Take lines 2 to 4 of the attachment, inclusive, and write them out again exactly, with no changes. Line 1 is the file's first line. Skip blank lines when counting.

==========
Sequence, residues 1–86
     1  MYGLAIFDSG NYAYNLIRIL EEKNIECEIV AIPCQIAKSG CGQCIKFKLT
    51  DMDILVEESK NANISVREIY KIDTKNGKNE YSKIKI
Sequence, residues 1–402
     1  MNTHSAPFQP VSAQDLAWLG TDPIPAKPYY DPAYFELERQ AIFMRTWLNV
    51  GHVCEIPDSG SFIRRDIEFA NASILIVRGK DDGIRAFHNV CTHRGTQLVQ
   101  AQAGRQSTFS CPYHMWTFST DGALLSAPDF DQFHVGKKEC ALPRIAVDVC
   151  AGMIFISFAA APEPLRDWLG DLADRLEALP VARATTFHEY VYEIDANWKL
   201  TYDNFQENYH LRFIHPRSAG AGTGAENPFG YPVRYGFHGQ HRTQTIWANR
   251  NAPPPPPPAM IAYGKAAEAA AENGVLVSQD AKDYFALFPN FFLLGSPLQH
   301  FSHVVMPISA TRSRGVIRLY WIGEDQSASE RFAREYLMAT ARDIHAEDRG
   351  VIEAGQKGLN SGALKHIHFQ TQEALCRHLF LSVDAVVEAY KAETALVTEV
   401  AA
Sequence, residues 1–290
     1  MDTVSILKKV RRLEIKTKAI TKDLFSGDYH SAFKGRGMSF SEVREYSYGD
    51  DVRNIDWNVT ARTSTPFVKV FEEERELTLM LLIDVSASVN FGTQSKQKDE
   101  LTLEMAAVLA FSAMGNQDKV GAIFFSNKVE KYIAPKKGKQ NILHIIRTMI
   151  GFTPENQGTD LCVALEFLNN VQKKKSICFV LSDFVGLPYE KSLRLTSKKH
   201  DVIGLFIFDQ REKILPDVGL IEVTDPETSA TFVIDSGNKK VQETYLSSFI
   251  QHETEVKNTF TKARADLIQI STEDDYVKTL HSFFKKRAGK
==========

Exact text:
     1  MYGLAIFDSG NYAYNLIRIL EEKNIECEIV AIPCQIAKSG CGQCIKFKLT
    51  DMDILVEESK NANISVREIY KIDTKNGKNE YSKIKI
Sequence, residues 1–402